AirToob Lightning

Tags  →  engineering

Nuenen, a city in the Netherlands, has a new extraordinary attraction – a dreamy solar-powered bicycle path that glows in the dark. The path, created by Dutch designer Daan Roosegaarde, looks just like a river of stars, fallen down from Van Gogh’s “Starry Night.” And it is, in fact, inspired by the great artist, who lived in Nuenen from 1883 to 1885.”



Thanks to my younger daughter for this find!

The other work of artist and innovator Daan Roosegaarde is well worth checking out - click the panel below for an example.

It seems that all over the world, inventive people are rethinking the possibilities of our roads - for another example, see my post on Solar Roadways.


(Latest update to this post: 5th January 2017 - the URL for this post has changed and is now here)

Some time ago, Julie and Scott Brusaw grabbed the imagination of several million people, with an invention that may eventually benefit the lives of hundreds of times that number: a modular system of intelligent solar paving slabs made of non-slip, highly durable glass, with many applications.

Apart from generating electricity, these paving slabs can provide variable signage or illumination from high intensity LEDs, keep road surfaces free of snow or ice, and perform a variety of other useful functions.

These smart slabs will also act as local components of the Smart Grid.

Click the graphic, or go here, for more information from my web site.


(Original post: July 7th, 2010)

This hour-long documentary from the BBC marks the inauguration of the Boeing 787 Dreamliner powered by Rolls-Royce Trent 1000 engines, arguably the most advanced engines in the world today.


A turbofan engine (top half of graphic) is simple (hence reliable) in concept, but its engineering is about as far from simple as you can get.

Most of the thrust actually comes from propellers - fan blades - which are mounted inside an outer enclosure. The fan blades are driven by a turbojet engine, around which flows the cold air from the fan.


This engine has 20 fan blades, which together pump over a ton of air each second. Each one costs about the same as a typical family car, and has to exert a force equivalent to lifting 13 double-decker buses.


When fitted inside their shroud, the blades have an end-clearance of less than 1mm.


Each blade is precision-made from a 3-layer titanium sandwich, in a secret process that involves inflating the blade to get this super-strong structure.

Each blade is then tapped with a mallet and its exact natural resonance electronically measured. The order in which the blades are fitted around the shaft depends on matching these resonances for perfect balance.


This is where the business happens. The hot air from the combustion chamber, compressed by the blades towards the front of the turbojet, hits 96 turbine blades, which have to operate in a "fairly harsh environment". At maximum thrust they turn at 10,000 RPM, moving at 800 MPH, surrounded by a temperature of 1700 degrees - which is 300 degrees above the melting point of the alloy.


Each turbine blade feels a force of some 18 tons. Normal metal is crystalline in nature - under a microscope it is reminiscent of a granite kitchen worktop - and isn't strong enough for this task. Rolls-Royce has developed a process, the non-secret parts of which are shown in this film, for casting each blade as a single super-high-strength crystal.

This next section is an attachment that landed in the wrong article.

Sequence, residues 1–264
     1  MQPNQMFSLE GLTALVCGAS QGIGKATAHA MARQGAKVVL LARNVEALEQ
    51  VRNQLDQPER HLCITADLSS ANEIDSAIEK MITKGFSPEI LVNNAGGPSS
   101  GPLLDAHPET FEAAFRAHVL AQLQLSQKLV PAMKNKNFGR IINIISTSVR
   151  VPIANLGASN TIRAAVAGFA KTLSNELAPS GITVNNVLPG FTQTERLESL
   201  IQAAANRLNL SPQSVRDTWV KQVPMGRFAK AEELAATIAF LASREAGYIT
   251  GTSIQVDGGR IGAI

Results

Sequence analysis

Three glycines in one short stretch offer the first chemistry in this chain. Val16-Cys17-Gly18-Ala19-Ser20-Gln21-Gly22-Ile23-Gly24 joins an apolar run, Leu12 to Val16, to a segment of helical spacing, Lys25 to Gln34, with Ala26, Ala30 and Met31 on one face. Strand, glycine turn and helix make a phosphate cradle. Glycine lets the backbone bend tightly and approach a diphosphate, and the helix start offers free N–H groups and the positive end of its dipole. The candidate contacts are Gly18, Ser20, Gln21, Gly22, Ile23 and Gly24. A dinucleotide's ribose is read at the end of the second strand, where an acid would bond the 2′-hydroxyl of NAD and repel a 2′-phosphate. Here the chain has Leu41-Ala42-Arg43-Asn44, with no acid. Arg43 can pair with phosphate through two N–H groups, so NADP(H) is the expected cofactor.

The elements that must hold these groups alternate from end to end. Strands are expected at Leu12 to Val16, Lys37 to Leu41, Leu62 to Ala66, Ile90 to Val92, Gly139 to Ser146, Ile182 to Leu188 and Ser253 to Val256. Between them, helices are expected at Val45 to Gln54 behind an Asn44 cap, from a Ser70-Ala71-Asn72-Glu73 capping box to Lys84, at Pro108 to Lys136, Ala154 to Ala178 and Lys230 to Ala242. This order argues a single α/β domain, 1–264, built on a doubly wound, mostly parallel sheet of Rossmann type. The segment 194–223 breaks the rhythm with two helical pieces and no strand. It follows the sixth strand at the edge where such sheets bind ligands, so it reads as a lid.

The "fir tree" base of one blade, which will be machined to 7 microns - and keep that tolerance after being stretched by 18 tons of force.


The upper part of the blade, showing the cooling channels that stop the alloy melting, by removing enough heat to boil twenty kettles in each second.


The prototype engine has to pass two years of tests before it is certified. One of these is pumping 30,000 gallons per hour of water through the engine, during which it must work normally.

(Twin engined aircraft crossing the Atlantic have to be certified for ETOPS, which officially stands for Extended Twin OPerationS. Unofficially, although the film doesn't say this, it stands for "Engines Turning Or Passengers Swimming". An ETOPS-certified aircraft must have ultra-reliable engines, and be able to fly perfectly well on only one engine.)


The most spectacular test destroys a very expensive engine. A fan blade is detached by an explosive charge with the engine running at full thrust, resulting in a force of unbelievable magnitude...


...and an eye-blink later, the engine is ruined but everything has been contained within the super-tough outer shell.

While the technology is truly awesome, the documentary also focuses on the people that make it all happen. Rolls-Royce cars are now made by BMW, but the aero-engine business is still the old Rolls-Royce. From people who deal with logistics to people who carry out precision machining, from metallurgy specialists to people who check and test every aspect of every process, these are folk for whom mistakes are simply not an option.

Even what looks like a very large call-centre turns out to be a room-full of specialists monitoring, 24/7 in real time, the performance of engines powering hundreds of aircraft flying all over the world.

The style of the documentary occasionally set my teeth on edge, but the content is well worth watching.



If you liked this, the Rolls-Royce Merlin engine is featured here:

[Florida's least-known major attraction: Fantasy of Flight]


and if you would like to explore the world from your PC:

[My "Flight Simulator" page]